The Maritime History of the Great Lakes
Evening Star (Barge), sunk, 10 Sep 1875

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The Chicago Tribune of yesterday makes the following comment on the disaster: "In the construction of the MORNING STAR great carrying capacity was studied, to the utter disregard of fine lines. A degree of strength proportionate to the burden she was calculated to bear was also lost sight of by her builder, who used quantities of pine where oak should have been substituted. Hence she never classed above B1, and at the time of her loss had graded down to B1 1/2. Pine will do well enough for lumber carriers, but grain freighters should be constructed either entirely of oak or of iron, to make them perfectly seaworthy in heavy weather. It must therfore be held that the underwriters are greatly to blame for the terrible calamity that has befallen the craft and her crew, for it was their power to confine her to the trade for which she had originally been intended. An interesting reminisence connected with the disaster is that the EVENING STAR, a full sister of the MORNING STAR, in tow of the prop. MENDOTA, went down on Lake Michigan off Pt. au Betsy in Sept. 1875. The MENDOTA and several others foundered at the same time.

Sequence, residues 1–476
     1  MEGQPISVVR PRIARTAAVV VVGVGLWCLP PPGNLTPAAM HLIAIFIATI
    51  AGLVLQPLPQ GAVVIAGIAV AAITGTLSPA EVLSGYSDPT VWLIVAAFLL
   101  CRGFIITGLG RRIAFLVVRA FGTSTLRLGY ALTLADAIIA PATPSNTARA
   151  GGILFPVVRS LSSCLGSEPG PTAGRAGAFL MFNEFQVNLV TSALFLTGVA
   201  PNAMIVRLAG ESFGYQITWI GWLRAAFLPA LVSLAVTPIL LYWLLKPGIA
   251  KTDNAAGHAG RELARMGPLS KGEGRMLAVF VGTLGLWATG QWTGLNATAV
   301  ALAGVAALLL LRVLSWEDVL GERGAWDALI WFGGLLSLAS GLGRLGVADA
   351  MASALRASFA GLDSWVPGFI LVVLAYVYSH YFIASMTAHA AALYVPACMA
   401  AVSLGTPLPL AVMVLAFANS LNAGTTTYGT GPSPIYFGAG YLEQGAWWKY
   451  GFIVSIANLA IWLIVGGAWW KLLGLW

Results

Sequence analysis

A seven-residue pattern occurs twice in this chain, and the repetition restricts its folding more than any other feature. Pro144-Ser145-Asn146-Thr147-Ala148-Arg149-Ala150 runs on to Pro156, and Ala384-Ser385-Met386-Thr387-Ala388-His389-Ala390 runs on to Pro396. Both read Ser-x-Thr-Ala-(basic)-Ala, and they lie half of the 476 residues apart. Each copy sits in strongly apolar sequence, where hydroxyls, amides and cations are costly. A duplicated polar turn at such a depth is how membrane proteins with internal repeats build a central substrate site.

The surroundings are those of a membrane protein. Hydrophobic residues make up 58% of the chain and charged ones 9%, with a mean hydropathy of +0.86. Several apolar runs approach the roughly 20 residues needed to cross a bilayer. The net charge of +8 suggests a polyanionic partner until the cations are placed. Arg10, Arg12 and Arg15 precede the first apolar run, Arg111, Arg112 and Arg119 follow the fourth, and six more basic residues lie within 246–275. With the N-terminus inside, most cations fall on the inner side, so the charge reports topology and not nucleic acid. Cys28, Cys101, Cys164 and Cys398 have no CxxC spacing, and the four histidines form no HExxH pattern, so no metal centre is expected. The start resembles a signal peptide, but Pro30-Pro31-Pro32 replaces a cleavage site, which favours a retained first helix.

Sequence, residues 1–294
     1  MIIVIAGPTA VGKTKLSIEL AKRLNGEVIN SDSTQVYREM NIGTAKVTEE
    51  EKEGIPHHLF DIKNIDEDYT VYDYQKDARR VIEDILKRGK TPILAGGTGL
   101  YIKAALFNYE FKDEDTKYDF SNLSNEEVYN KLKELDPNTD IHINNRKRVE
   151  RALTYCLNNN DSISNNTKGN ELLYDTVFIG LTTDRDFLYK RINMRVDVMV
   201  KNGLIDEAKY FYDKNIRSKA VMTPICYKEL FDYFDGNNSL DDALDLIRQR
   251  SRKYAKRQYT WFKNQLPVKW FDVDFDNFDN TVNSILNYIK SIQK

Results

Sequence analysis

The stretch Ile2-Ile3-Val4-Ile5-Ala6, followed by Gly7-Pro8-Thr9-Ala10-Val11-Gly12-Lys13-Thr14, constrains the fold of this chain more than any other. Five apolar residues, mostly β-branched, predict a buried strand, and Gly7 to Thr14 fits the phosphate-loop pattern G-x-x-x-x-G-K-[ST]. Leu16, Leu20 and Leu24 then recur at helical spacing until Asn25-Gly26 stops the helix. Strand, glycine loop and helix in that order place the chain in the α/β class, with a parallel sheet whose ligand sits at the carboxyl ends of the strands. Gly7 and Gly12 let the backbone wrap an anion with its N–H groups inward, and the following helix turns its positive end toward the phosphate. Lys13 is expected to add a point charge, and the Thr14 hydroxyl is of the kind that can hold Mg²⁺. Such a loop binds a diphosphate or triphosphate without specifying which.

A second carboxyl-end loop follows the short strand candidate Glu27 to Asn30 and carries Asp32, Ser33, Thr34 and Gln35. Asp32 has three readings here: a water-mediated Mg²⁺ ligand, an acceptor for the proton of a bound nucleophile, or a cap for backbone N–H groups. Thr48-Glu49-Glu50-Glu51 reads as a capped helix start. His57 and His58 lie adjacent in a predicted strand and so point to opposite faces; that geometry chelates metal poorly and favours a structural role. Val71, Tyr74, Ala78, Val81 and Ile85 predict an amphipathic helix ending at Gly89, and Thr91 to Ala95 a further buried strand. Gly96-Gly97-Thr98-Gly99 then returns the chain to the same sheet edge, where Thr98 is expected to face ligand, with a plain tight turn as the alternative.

Buffalo Commercial Advertiser
      November 17, 1880 1-8

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Reason: sunk
Lives: ?
Remarks: Total loss ?
Date of Original:
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Geographic Coverage:
  • Michigan, United States
    Latitude: 44.69111 Longitude: -86.25537
William R. McNeil
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Maritime History of the Great Lakes
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Evening Star (Barge), sunk, 10 Sep 1875